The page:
Hands stretch across the desert in Iraq

345th Public Affairs Detachment
Courtesy Story

Date: 03.04.2006
Posted: 03.04.2006 13:55
News ID: 5597
Desert Recon

RAWAH, Iraq - Sometimes missions are completed no matter how great the obstacle. For Military Transition Team 327 (Marine), Troop A, 4th Battalion, 14th Cavalry and Iraqi Army Soldiers from the 3rd Bn, 2nd Brigade, 7th Iraqi Infantry Division, in Rawah, it's all just part of the job.

A joint force of Marines, U.S. Soldiers and Iraqi Soldiers, drove Strykers across the barren desert looking for signs of anti-Iraqi forces operating in the area.

They set out early on a Monday morning making quick progress across the Anbar desert. They met people living in remote places along their route and asked them if they saw or heard anything out of the ordinary.

It was all going so smoothly. Then a Stryker got stuck in the mud. Another Stryker came to assist, but that one, too, got stuck. A third Stryker came to rescue the rescuer and it bogged down as it neared the second vehicle. They were immobilized. Another group that had taken a different road radioed to the group: their vehicles were also trapped in the mud.

At first, the group laughed it off, confident that their tow ropes and rugged vehicles would simply pull through the sticky mud. But it was not happening.

"We're gonna need Chuck Norris to roundhouse kick the Strykers out of the mud," someone joked on the radio.

Headquarters came over the net and told the Soldiers to abandon self-rescue operations until morning.

Realizing their plight, Soldiers tried to find a warm place to stay and be patient. However, a warm, comfortable place was not too easy to find. The Iraqi Army Soldiers were in trucks that provided no shelter from the rain and cold, so 14th Soldiers invited them into the Strykers. It was a tight fit. Earlier in the day, a cavalry squad detained men suspected of making bombs. These men were also inside the Stryker.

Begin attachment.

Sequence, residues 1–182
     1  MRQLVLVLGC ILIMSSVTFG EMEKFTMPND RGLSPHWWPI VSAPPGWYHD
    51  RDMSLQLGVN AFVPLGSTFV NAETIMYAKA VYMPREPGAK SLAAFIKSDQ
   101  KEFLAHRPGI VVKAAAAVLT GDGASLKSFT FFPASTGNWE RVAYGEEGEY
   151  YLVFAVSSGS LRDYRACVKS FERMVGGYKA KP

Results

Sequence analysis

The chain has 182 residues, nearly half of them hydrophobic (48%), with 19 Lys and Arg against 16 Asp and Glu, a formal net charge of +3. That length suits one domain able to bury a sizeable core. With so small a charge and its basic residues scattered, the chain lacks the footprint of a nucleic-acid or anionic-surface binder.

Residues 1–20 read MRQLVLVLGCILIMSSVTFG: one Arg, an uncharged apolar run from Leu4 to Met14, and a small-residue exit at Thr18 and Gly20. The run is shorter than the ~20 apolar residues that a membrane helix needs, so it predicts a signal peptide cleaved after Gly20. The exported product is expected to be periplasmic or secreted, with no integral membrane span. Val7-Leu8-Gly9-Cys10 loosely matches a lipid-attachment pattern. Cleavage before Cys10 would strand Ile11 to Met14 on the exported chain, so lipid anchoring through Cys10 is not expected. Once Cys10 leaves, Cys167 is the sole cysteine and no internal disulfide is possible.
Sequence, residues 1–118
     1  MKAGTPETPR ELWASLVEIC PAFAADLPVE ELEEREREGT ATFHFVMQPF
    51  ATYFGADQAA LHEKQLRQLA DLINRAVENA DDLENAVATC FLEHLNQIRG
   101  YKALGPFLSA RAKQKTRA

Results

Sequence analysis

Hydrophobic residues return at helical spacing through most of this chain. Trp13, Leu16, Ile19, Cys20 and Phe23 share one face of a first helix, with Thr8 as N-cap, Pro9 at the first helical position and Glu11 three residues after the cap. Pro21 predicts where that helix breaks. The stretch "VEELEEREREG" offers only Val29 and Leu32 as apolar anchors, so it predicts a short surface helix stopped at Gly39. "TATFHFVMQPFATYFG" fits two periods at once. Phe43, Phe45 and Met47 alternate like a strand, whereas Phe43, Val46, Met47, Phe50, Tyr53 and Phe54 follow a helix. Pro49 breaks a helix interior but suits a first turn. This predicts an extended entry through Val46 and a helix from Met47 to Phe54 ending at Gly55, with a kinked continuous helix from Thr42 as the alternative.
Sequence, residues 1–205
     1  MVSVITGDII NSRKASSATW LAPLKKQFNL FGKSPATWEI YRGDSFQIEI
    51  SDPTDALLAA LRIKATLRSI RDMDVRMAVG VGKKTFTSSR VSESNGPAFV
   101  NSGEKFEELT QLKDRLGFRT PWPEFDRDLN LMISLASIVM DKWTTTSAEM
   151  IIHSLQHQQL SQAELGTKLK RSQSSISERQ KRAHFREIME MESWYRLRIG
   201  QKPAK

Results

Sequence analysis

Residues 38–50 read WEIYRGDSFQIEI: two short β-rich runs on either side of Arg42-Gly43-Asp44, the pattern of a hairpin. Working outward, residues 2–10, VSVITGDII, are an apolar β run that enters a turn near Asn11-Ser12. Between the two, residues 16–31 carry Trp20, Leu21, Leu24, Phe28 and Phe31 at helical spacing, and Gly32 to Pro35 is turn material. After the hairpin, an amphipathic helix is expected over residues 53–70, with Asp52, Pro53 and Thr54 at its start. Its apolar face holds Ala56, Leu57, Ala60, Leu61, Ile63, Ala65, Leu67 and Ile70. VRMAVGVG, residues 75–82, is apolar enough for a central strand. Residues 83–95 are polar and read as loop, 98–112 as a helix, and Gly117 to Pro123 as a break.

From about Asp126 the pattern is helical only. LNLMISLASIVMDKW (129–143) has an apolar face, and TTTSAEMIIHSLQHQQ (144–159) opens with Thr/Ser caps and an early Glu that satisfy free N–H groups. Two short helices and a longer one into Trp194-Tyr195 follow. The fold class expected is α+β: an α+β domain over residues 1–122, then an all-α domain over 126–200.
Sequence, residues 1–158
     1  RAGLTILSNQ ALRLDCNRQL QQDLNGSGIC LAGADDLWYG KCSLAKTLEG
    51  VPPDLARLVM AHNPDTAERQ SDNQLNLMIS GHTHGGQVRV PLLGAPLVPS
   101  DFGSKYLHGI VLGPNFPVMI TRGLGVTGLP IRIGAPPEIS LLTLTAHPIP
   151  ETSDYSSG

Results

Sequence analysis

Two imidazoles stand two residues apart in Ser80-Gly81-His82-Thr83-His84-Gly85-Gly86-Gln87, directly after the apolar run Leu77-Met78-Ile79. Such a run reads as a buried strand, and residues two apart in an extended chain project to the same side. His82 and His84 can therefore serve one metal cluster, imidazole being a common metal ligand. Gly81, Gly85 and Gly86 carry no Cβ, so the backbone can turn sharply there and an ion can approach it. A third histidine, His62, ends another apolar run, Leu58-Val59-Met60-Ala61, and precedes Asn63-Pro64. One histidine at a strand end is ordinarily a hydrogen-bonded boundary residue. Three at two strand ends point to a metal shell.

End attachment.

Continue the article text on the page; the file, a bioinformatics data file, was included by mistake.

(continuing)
After a few hours, condensation formed on the ceiling of the Stryker and started to drip on the heads of the weary inhabitants. One Soldier got out of the vehicle after trying unsuccessfully to sleep on a narrow ledge. He walked around the vehicles for hours before seeing what the Iraqi Army Soldiers were doing.

Some of the Iraqi Army Soldiers decided to make a campfire. However, there's no firewood in the desert. No problem: they burned cardboard and old sandbags doused in benzene. It smelled, but it put out heat and the night was very cold.

After the night had had passed, the Soldiers awoke to Strykers still stuck in the mud. They saw their comrades in the distance also stuck. They radioed to another group of cavalry troops to come and pull them out of the mud.

As soon as these vehicles showed up, the troops scouted out the driest, firmest ground for the rescue effort. They could not risk getting more vehicles stuck. If they didn't get themselves out, no one would be coming to their rescue for quite some time. It was up to them.

And they managed, slowly, because as soon as one vehicle was extricated, another would get bogged down further ahead. They slowly leapfrogged each other, taking turns getting stuck and helping each other out until they got to dry ground.

It took the whole day to get back, but they knew that they had a mission to complete, and they did it.